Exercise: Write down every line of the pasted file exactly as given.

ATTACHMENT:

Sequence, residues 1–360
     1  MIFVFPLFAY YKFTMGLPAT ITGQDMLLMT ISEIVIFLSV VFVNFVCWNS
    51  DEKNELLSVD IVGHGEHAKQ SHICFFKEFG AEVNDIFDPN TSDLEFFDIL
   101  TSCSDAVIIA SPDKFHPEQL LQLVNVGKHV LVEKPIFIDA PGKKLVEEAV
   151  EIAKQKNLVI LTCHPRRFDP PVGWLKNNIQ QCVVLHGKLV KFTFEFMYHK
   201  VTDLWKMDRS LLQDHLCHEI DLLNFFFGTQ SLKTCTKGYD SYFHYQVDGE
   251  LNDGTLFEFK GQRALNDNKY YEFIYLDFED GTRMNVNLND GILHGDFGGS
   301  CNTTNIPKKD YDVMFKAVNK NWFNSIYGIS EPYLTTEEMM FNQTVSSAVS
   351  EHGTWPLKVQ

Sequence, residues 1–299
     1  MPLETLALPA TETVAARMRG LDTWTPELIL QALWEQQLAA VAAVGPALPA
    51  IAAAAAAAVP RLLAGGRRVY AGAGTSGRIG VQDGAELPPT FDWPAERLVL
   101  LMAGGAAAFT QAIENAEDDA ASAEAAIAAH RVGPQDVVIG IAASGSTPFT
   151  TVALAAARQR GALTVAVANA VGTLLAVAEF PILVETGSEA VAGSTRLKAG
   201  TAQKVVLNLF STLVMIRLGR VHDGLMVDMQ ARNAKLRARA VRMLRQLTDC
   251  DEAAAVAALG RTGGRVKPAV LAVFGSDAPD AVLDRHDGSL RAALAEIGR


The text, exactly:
Sequence, residues 1–360
     1  MIFVFPLFAY YKFTMGLPAT ITGQDMLLMT ISEIVIFLSV VFVNFVCWNS
    51  DEKNELLSVD IVGHGEHAKQ SHICFFKEFG AEVNDIFDPN TSDLEFFDIL
   101  TSCSDAVIIA SPDKFHPEQL LQLVNVGKHV LVEKPIFIDA PGKKLVEEAV
   151  EIAKQKNLVI LTCHPRRFDP PVGWLKNNIQ QCVVLHGKLV KFTFEFMYHK
   201  VTDLWKMDRS LLQDHLCHEI DLLNFFFGTQ SLKTCTKGYD SYFHYQVDGE
   251  LNDGTLFEFK GQRALNDNKY YEFIYLDFED GTRMNVNLND GILHGDFGGS
   301  CNTTNIPKKD YDVMFKAVNK NWFNSIYGIS EPYLTTEEMM FNQTVSSAVS
   351  EHGTWPLKVQ

Sequence, residues 1–299
     1  MPLETLALPA TETVAARMRG LDTWTPELIL QALWEQQLAA VAAVGPALPA
    51  IAAAAAAAVP RLLAGGRRVY AGAGTSGRIG VQDGAELPPT FDWPAERLVL
   101  LMAGGAAAFT QAIENAEDDA ASAEAAIAAH RVGPQDVVIG IAASGSTPFT
   151  TVALAAARQR GALTVAVANA VGTLLAVAEF PILVETGSEA VAGSTRLKAG
   201  TAQKVVLNLF STLVMIRLGR VHDGLMVDMQ ARNAKLRARA VRMLRQLTDC
   251  DEAAAVAALG RTGGRVKPAV LAVFGSDAPD AVLDRHDGSL RAALAEIGR